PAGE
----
India is a land of a myriad of cultures and their architectural style reflects this. Inspired by many cultures and a source of inspiration for countless others, Hindu Architecture in India is a concoction of the various religions followed in the country. The best example of the varied architecture found there can be found in their temples.
The History of Hindu Architecture
One of the early influencers of Hindu architecture was the Buddhist religion. The characteristic mountain shape of Hindu Architecture dots Buddhist sites and still continues in similar fashion in some cultures.
Another influencer is ruling dynasties in India. During the early ruling dynasties, sculptors used to carve out colossal temples from huge solid stones from mountains. Kings of a dynasty named Pallava built Kanchipuram, a place consisting of over a hundred Hindu temples during the 7th to 9th centuries AD. Each of these shrines consisted of a chancel-like area which had a rising tower with a stepped design.
Most temples in India were devoted to the god Shiva and had minimal interiors. However, as time passed, the pillars and interior walls of the temples were embellished with scenes taken from the holy scriptures of Mahabharata and Ramayana. The Thanjavur temples set a benchmark for the Chola dynasties and are famous for both their stone and bronze sculptures, as well as narrative paintings in the interiors.
There is much architectural diversity in India. For example, temples in the North are less decorated than those in the South. Architecture in Central India is quite different from that in the North and the South. The world-famous Khajuraho temples are constructed with spiral superstructures and are made of sandstone and not from mortar. During the construction, the stones were put together with special joints and held in place by gravity. This form of construction required very precise joints and exceptional construction skills.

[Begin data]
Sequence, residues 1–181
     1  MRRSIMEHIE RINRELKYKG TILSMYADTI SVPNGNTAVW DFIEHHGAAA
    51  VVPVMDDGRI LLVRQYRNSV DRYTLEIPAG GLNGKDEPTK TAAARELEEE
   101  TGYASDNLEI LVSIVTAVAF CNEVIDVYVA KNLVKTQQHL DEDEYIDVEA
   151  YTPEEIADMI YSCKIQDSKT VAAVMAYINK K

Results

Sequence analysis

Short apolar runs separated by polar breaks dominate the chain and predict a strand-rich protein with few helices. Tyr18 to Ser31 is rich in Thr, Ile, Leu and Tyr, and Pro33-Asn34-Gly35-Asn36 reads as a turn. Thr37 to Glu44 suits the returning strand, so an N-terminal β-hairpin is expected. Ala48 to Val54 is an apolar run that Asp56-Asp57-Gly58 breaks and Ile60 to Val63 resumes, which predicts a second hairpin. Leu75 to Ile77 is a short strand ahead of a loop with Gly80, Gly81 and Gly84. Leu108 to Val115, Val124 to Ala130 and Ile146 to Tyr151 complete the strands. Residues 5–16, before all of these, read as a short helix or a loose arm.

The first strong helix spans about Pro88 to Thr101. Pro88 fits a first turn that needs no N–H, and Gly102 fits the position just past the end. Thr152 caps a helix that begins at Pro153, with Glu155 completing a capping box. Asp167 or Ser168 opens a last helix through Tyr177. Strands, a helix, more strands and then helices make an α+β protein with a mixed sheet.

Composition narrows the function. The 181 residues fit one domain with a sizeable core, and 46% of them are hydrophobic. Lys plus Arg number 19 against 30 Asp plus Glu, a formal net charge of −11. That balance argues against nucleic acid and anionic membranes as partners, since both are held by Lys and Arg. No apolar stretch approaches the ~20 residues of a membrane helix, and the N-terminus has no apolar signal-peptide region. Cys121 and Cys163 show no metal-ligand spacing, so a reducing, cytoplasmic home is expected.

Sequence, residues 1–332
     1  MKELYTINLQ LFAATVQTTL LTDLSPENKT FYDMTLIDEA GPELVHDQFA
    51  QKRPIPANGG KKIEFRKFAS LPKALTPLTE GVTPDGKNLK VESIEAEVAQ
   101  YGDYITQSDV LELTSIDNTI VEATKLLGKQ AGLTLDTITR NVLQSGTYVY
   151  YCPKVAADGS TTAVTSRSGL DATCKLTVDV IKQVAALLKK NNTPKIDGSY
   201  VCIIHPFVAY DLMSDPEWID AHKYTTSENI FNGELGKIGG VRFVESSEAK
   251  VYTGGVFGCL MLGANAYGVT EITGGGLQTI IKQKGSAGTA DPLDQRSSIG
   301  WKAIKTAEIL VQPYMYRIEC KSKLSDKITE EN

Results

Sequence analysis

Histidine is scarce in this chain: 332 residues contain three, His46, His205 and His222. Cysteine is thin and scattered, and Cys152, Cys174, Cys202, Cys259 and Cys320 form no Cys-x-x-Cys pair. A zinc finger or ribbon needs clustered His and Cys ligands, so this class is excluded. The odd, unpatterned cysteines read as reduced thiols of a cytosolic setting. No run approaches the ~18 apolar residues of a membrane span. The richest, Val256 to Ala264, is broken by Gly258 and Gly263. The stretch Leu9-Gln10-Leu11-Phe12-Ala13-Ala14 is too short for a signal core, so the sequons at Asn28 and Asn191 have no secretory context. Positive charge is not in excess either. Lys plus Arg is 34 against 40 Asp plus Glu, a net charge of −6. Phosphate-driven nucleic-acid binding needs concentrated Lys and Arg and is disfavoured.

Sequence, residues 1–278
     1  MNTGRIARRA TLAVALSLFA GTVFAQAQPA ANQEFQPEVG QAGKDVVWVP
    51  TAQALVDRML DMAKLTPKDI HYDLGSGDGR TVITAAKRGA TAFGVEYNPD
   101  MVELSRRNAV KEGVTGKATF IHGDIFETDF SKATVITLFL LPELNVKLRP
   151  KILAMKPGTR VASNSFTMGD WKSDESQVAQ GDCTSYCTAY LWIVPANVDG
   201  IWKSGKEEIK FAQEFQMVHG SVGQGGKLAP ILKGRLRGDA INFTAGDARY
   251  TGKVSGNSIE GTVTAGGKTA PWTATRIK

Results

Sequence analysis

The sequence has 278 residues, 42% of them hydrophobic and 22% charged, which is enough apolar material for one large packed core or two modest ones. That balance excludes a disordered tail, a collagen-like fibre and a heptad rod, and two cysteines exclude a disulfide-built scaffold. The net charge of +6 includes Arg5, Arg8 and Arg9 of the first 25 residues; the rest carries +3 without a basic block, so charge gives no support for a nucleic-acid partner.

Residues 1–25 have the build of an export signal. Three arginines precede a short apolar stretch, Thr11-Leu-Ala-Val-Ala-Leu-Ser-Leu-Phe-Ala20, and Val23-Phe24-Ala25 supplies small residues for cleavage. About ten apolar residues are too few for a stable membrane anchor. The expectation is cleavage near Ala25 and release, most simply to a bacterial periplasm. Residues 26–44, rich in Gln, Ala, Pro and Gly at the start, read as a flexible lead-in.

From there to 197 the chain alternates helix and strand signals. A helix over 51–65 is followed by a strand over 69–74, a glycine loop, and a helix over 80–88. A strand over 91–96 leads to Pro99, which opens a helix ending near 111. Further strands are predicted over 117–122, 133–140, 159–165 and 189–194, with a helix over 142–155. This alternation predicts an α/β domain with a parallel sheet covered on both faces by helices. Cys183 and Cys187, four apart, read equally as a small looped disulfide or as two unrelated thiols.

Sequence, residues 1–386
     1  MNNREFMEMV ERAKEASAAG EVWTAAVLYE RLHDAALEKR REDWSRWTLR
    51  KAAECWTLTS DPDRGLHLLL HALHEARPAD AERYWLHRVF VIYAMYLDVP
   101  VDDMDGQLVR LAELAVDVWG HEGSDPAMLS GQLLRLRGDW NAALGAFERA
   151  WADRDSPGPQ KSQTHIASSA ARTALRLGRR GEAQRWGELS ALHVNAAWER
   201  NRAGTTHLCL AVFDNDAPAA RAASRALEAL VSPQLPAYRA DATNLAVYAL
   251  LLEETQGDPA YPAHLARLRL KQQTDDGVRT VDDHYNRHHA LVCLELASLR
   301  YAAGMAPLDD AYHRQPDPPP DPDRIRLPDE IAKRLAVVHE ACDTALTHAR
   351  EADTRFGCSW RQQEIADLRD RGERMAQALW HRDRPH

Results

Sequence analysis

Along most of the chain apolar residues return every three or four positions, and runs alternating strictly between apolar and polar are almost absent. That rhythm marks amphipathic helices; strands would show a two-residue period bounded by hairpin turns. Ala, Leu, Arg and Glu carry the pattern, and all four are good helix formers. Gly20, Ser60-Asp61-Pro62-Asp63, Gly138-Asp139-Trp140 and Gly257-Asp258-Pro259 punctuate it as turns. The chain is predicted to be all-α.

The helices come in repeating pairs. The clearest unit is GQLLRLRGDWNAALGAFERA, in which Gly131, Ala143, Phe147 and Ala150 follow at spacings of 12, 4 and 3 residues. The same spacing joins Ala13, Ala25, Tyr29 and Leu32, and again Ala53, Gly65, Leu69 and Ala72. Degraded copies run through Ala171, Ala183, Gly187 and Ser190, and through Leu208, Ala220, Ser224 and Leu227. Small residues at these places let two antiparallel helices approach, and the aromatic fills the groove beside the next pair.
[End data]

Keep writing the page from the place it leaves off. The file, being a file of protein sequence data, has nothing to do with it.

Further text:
Though architectural styles differ according to region, construction styles follows a similar pattern. Hindus emphasize the liberal use of images of gods and goddesses. Secondly, all the Hindu Temples have a chancel-like structure known as vimana, which has the upper pyramid-like tapering portion called the shikhara. The place where the deity rests is known as garbha griha, which literally means “womb house,” and is devoid of any light. A pillared hall known as mandapa is where the devotees assembled for prayers.
Earlier, the mandapa was built at a specific distance from the main temple; however, later on both the buildings were made under the same roof. The temples of Khajuraho follow this pattern, wherein each chamber has a separate pyramid-like roof. However, the pyramid-like roof was not a compulsion, as some parts of India followed a different format.
With the influx of foreign invasion, the style of Hindu Architecture underwent a series of changes. With time, images of musicians, demons, birds, cows and a thousand others found a place on the temple façade along with gods, goddesses, and mortal beings. Even beasts straight from folklore can also be spotted, carved out in a way that make them seem alive.
Hindu Architectures rests in the heart of temples. Besides being a place of worship, the temples stand as a witness to the magnificence and splendour of art. This is the reason that they are and will remain a center of attraction for millions of tourists, not only Indian but also internationally, for a thousand more years to come.